EU Descartes Prize: Eight Pan-European Research Teams Compete for €1 Million Prestigious EU Science Prize

On 20 November 2003, the winners of the €1 million EU Descartes Prize for outstanding scientific and technological research through transnational collaboration will be announced in Rome. From a field of 230 research teams from all across Europe, eight were short-listed and are now competing for this prestigious EU science and technology prize. The award ceremony will take place in the Accademia Nazionale dei Lincei in Rome and will address the challenges and opportunities associated with transnational R&D careers.

Launched in 2000, the EU Descartes Prize rewards outstanding scientific and technological research carried out through transnational cooperation and partnerships. It represents a unique opportunity for EU scientists to gain visibility and wider public recognition for their contribution to scientific progress, to EU technological and economic competitiveness and to the quality of life of EU citizens.

Eight cutting-edge cross-border research projects have been selected as finalists for the 2003 prize. These cover a wide range of science and technology fields – information sciences, geophysics, life sciences, engineering, molecular chemistry and materials engineering (see Annex). The winners will be chosen by a panel of high-level personalities from the worlds of science, industry and public life. The panel will be chaired by Ene Ergma, Vice President of the Academy of Sciences of Estonia and President of the Estonian Parliament.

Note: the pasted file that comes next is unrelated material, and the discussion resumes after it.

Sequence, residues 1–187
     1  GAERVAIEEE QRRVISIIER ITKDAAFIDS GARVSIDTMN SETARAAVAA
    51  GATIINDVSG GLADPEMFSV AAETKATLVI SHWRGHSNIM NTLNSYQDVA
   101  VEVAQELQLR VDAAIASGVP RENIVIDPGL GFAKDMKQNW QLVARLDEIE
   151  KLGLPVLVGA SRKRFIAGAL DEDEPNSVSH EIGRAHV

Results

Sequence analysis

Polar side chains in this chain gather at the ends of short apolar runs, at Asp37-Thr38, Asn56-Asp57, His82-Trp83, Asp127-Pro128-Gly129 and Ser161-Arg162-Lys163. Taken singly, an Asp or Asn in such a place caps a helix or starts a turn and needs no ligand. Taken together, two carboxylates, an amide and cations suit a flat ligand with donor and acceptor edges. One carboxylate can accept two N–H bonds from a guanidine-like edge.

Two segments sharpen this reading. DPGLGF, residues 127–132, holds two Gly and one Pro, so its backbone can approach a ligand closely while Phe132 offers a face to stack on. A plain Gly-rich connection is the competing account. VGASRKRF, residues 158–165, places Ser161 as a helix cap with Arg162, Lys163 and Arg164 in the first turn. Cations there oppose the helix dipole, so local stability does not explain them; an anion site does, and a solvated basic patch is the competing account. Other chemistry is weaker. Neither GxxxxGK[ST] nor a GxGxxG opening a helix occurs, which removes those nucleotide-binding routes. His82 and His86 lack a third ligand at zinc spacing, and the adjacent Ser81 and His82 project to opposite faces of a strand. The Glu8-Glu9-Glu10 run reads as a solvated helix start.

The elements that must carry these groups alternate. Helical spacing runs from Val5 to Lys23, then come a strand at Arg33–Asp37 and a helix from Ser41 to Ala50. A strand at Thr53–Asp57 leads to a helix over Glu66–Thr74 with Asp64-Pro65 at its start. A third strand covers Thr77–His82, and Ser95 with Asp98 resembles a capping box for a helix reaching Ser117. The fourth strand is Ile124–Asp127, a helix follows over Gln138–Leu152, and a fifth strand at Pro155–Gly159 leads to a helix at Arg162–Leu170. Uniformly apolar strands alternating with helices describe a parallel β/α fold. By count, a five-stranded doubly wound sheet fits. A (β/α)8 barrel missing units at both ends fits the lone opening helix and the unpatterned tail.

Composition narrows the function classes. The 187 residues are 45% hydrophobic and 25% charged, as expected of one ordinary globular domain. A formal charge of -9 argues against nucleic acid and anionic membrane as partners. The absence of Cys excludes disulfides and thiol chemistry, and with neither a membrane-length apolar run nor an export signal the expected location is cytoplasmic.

Participating in the award ceremony will be EU Commissioner Philippe Busquin and the Italian Vice-Minister of Education, Universities and Research, Guido Possa. Rewarding excellence and cross border collaboration, this year’s event will specifically focus on the key issue of mobility for European researchers. Indeed, enhancing transnational careers for European researchers is a crucial factor in ensuring that combined public and private research investments reach a full 3% of GDP in the EU by 2010. According to estimates, 700,000 additional researchers will be needed to achieve this target.

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